zushi (Buddhist Shrine)

About this object

History of use

Zushi (厨子) usually enshrine Buddhist statues, but may contain painted images, relics or scriptures. They vary in size and shape but typically have a pair of doors in front, hinged at the sides, which can be opened or closed. Large zushi are found at Buddhist temples in Japan.


Said to have been collected by Norman Mackenzie in either Tokyo or Yokohama, in October 1931, while en route to the Institute of Pacific Relations conference in Shaghai. The shrine is thought to date from either the Meiji period (1868-1912), or possibly the Taisho period (1912-1926).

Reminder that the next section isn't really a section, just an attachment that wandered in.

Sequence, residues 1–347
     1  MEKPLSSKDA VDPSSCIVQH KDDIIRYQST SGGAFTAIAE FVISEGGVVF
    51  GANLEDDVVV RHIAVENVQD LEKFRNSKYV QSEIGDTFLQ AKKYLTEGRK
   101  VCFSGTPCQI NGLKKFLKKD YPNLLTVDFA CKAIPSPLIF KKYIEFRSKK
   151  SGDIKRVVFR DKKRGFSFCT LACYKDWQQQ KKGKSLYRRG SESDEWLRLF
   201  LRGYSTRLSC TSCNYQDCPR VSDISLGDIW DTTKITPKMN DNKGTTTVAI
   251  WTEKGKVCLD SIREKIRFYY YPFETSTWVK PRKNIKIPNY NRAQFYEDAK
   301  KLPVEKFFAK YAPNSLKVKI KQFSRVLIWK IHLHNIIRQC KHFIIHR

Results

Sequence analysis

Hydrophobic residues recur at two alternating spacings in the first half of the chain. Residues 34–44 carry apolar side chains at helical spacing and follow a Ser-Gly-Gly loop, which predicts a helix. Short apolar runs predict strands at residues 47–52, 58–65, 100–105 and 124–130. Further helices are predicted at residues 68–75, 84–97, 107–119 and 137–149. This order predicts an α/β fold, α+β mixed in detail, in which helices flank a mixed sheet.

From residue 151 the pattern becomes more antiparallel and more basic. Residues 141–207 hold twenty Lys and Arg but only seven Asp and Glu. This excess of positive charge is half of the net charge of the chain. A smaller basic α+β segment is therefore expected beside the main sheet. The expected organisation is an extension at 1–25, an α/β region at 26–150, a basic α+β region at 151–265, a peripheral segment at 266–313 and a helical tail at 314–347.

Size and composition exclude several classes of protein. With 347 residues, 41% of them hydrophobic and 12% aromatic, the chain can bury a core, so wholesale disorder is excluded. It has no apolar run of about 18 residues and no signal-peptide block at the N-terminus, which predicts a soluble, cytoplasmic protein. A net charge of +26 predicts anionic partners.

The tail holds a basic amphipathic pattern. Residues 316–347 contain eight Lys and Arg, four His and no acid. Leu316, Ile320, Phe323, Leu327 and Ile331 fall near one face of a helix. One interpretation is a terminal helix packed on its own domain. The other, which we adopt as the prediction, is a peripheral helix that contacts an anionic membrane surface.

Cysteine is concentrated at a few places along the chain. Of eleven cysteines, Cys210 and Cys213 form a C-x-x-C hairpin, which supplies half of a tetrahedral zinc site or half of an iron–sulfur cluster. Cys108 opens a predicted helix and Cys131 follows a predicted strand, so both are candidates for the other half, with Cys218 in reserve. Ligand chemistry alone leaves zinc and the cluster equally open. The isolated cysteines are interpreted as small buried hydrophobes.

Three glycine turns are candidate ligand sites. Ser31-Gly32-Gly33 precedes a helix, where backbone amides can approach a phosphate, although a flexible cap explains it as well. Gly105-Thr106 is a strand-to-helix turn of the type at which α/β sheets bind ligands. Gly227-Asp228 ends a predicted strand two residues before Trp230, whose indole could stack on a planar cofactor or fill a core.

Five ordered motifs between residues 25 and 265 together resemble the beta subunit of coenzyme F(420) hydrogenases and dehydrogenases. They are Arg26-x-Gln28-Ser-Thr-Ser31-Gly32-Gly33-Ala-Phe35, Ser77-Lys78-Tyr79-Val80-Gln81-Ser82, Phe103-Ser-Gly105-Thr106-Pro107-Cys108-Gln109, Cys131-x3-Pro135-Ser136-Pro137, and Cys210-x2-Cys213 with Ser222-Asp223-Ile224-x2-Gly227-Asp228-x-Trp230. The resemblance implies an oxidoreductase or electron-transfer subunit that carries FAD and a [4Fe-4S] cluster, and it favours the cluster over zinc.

Physical description

Small carved ivory shrine (zushi). Inside the small hinged doors sits a carved amitabha Buddha. The outer edges of the shrine are completely covered in carved designs; the exterior and the interior surfaces of the rectangular hinged doors are covered in carved Buddhist scenes. The background wall behind the seated three-dimensional Buddha, inside the shrine, also has a simpler carved design.